Well, harumph, welcome to being a mortal human animal with a face. Your first option is to get rid of your face. Just kidding. Actually, first, have you seen an allergist? You don't mention your eyes being irritated, so this is a longshot, but you might be reacting to something in the air, or on your pillow. If you notice it's worse during certain times of day, or after you've visited a particular place, write that shit down and take it to a doctor. There might be drops or allergy meds that'll clear this right up. Also, how much water are you honestly drinking? However much, double it.
Short of that, however, you have a condition called Aging. Over time, the fat in our mid-faces starts to move around.
TANGENT: One time I went to an eye doctor because I have a floater that truly obstructs my vision and drives me insane. (In fact, I see you right now, you piece of shit!) She looked into my eye with a... thingy... and was like, "Yep, it's a floater. Sorry! It'll probably be there for a long time and there's nothing we can do." And I was like, "Boo. Dumb answer. What is a floater, exactly?" And she said to imagine the inside of your eyeball: when you're born, it is like a firmly set up Jell-O mold in there, but as you age, the Jell-O starts to melt. Occasionally, as it slowly disintegrates, a chunk breaks off – like a piece of an iceberg floating away into the sea — and it just bobs around in the melted part until it either fully liquifies or you die. THE END.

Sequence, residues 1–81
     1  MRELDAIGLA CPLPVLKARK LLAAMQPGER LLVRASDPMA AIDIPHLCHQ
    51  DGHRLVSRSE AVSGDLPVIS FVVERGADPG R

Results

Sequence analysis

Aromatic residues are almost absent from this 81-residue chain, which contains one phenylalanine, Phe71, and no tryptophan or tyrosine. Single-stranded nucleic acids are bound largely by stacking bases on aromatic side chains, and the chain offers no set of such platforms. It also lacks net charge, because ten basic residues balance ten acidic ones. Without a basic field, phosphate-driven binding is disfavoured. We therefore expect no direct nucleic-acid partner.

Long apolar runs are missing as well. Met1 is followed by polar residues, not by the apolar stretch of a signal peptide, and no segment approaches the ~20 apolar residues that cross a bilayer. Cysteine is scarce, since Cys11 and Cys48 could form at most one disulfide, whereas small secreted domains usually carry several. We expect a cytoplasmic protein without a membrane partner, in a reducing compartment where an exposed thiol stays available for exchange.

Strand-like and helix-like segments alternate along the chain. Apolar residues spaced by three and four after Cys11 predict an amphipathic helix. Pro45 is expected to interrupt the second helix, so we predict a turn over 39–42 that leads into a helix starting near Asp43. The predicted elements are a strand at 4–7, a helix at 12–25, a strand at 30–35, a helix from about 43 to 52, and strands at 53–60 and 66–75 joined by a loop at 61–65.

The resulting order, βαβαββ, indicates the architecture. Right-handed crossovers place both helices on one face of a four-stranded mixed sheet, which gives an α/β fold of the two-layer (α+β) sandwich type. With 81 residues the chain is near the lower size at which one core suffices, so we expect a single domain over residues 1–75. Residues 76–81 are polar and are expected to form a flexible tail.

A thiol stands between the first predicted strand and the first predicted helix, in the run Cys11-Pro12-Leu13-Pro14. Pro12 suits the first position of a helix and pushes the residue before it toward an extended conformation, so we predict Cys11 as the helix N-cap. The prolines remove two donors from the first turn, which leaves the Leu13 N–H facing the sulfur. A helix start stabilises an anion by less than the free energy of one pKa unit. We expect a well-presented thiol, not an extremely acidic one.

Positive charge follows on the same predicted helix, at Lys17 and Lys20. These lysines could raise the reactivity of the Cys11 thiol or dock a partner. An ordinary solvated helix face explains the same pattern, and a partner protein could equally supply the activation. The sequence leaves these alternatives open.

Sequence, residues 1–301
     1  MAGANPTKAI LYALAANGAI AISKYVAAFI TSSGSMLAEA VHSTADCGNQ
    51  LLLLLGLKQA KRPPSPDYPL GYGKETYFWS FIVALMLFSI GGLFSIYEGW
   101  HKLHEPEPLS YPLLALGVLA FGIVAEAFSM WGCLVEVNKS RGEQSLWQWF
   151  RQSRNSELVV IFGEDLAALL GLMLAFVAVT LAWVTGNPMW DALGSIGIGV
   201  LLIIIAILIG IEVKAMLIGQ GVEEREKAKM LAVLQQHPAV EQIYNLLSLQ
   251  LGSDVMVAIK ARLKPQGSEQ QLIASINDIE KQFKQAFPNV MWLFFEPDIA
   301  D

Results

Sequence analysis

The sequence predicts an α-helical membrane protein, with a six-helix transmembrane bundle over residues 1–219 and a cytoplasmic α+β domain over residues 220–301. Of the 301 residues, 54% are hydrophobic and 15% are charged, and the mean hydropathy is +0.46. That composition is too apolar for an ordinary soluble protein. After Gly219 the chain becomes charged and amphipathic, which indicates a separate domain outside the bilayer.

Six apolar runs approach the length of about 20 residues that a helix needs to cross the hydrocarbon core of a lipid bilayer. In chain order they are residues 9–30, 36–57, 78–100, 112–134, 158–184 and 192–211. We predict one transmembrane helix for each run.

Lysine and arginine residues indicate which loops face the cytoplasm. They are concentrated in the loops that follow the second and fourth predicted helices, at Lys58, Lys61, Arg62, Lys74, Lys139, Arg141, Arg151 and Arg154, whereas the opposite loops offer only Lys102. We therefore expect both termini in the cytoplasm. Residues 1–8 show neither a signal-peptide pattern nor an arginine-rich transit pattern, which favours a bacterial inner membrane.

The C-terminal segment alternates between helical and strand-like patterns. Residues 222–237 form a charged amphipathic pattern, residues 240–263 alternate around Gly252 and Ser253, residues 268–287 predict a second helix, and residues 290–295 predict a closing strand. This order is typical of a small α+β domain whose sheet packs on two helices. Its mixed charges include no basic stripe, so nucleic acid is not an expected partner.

Where was I? Oh, so your midface fat is melting and some slides down to give you jowls, and some breaks apart under your eyes to give you bags. (Or something more scientifically "correct.") So, now you just look like a person who is getting older and sometimes that sucks and other time you are Audrey Hepburn. I dunno. I guess try to get okay with it somehow (meditation?) or you're looking at spending at least $3,000 to have a lower eyelid blepharoplasty. And this gives me the perfect excuse to link to tons of graphic before and after photos of eye surgeries on my "favorite" website.
Previously: Nails 101.